A New Deal for Dalhart: Reviving a Rural Texas Town

Dust clouds over Dalhart, 1936

Dust clouds over Dalhart, 1936
During the Great Depression, winds swept away parched topsoil, dooming farms, businesses and the national bank in Dalhart. Photographer unknown. Courtesy, Library of Congress.

“The thirties began in economic depression and in drought. The first of these disasters usually gets all the attention, although for many Americans living on farms, drought was the more serious problem,” Donald Worster wrote in his 1979 Bancroft Prize-winning chronicle, Dust Bowl. This could not be truer than in Dalhart, Texas, the epicenter of the Dust Bowl.  

Born at the turn of the 20th century as an important railroad crossing in the northwest corner of the Texas Panhandle, Dalhart became a prosperous agricultural community, home to the XIT Ranch, then the largest cattle ranch in the world. But by the 1930s, extreme drought combined with the region’s notorious wind led to the soil erosion that ultimately devastated the town’s agricultural industry.

Abandoned farm near Dalhart, Texas

Abandoned farm near Dalhart, Texas
Photo by Dorothea Lange, Resettlement Administration, 1938. Courtesy, Library of Congress.

Things began to turn around in 1934 with the emergence of the New Deal, when the USDA’s Soil Conservation Service chose Dalhart, the county seat, for one of the nation’s first erosion-control demonstration projects—the first to focus solely on wind erosion.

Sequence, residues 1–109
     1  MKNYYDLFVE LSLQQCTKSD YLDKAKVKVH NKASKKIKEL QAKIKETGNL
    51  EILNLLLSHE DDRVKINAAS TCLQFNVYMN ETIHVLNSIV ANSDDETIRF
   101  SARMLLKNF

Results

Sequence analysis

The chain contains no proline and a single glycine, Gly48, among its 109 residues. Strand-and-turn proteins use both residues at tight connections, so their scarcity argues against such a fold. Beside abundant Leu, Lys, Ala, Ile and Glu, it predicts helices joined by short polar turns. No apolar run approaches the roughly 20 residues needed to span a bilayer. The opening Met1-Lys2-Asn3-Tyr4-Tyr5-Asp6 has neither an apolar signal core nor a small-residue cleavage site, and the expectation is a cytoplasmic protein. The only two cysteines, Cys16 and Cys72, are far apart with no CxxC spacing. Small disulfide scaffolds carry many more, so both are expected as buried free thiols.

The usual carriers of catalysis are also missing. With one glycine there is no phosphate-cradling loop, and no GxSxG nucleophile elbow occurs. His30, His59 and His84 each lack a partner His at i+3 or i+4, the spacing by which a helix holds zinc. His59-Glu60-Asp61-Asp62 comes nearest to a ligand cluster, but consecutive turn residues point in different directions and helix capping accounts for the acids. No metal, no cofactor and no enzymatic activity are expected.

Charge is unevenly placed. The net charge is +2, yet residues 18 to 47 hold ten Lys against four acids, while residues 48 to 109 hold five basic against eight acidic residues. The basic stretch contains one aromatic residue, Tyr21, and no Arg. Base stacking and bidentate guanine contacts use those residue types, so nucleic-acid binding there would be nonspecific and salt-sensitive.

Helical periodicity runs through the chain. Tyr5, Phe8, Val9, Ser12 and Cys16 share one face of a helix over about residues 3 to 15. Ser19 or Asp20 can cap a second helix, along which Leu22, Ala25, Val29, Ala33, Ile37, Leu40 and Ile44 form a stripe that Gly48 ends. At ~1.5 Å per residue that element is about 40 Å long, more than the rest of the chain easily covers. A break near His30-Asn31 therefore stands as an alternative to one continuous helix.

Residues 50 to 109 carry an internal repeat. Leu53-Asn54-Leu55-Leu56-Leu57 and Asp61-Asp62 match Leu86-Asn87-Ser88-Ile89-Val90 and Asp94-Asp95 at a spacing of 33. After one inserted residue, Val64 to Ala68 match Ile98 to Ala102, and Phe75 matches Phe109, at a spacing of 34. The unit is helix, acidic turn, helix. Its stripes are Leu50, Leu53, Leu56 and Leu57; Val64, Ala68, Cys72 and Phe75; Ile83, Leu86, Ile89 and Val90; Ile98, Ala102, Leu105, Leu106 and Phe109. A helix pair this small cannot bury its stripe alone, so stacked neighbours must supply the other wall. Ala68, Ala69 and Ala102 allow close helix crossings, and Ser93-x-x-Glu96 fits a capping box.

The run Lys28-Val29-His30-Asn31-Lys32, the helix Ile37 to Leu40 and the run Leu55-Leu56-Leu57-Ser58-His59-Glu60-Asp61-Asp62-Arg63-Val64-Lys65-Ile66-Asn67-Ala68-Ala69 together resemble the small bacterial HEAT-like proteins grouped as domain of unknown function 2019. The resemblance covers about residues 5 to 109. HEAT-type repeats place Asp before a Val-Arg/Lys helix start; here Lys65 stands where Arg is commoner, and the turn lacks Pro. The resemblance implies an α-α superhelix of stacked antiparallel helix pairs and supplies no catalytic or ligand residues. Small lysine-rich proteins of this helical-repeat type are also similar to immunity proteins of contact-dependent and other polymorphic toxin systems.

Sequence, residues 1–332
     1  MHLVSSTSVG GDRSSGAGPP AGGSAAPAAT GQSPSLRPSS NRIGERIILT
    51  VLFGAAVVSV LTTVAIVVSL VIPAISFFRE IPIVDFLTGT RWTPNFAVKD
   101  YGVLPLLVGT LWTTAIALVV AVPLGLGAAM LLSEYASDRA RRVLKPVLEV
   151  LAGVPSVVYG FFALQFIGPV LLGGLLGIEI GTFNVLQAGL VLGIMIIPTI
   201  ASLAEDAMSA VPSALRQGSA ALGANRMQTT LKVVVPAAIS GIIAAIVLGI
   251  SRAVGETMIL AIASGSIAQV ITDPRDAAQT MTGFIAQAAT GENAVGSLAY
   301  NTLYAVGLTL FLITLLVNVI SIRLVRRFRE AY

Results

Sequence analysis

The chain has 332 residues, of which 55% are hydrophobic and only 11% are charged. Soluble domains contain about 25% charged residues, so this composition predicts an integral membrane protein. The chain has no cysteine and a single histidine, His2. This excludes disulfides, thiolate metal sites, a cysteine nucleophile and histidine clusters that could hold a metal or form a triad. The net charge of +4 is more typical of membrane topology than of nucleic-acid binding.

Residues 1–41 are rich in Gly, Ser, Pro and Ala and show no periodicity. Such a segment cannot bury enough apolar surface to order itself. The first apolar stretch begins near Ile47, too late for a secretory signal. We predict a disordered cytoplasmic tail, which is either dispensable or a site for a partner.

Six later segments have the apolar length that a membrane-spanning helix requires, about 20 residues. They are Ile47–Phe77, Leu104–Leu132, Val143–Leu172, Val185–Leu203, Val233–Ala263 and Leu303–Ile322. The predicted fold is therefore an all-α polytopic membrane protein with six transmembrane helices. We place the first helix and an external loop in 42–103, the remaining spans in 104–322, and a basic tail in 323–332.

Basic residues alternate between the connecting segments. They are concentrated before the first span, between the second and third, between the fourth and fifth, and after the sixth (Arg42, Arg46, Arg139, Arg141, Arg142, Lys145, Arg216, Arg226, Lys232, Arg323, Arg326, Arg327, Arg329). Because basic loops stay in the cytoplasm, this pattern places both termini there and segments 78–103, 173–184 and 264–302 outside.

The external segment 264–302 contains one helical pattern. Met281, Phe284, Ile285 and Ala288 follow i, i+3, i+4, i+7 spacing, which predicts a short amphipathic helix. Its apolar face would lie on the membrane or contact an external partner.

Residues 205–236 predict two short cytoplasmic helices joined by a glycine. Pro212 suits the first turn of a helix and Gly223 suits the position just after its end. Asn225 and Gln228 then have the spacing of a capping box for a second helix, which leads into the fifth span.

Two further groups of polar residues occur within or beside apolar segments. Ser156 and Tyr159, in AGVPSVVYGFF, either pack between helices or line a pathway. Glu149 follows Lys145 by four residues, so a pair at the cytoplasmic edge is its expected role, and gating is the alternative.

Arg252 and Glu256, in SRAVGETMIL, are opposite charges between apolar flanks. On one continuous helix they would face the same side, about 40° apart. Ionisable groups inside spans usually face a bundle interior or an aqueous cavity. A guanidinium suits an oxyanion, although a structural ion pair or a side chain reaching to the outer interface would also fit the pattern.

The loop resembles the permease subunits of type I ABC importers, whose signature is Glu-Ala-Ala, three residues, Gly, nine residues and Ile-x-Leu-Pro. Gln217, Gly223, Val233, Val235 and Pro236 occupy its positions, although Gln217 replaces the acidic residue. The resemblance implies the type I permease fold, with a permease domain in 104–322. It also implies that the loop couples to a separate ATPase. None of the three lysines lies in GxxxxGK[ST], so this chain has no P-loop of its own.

Initially manned by the Civilian Conservation Corps and the Works Progress Administration, these rehabilitation projects restored grasslands in areas not suitable for farming and introduced new methods of moisture retention, such as terracing, crop rotations and contour plowing. The success of the projects combined with new federal loan programs incentivized farmers to adopt the new practices, which boosted the local economy and popularized conservation practices. By 1936, more than 40,000 farmers throughout the region had adopted the new methods, accounting for more than 5.5 million acres of contour-listed conservation.

The drought committee from the Soil Conservation Service surveys sand dunes just a few miles north of Dalhart.
Photo by Arthur Rothstein, Farm Security Administration, 1936. Courtesy, The New York Public Library.

These restoration programs revived the agricultural economy of Dallam County, today one of the largest agricultural producing counties in Texas by value, with the city of Dalhart serving as an agribusiness hub for a region stretching across five states.

The impact of the New Deal didn’t stop at the agricultural revival of Dalhart’s farmlands. The destruction caused by the Dust Bowl also meant the city itself needed rehabilitation assistance. The WPA was responsible for damming the Rita Blanca Lake (now a city-owned recreation site), paving downtown streets, constructing underpasses to accommodate vehicle and rail traffic and building Dalhart’s downtown post office, today owned by Vingo Vineyards Winery.

Vintage Postcard, Dalhart, Texas Post Office

Vintage Postcard, Dalhart, Texas Post Office
The former Dalhart, Texas post office building was constructed with federal Treasury Department funds in 1934.

Dalhart owes much of its mid-century revival to the New Deal and the impact of the Soil Conservation Service. Today, the City is committed to historic preservation efforts, many of which highlight the New Deal-era. Restoring Dalhart’s historic downtown has become a priority.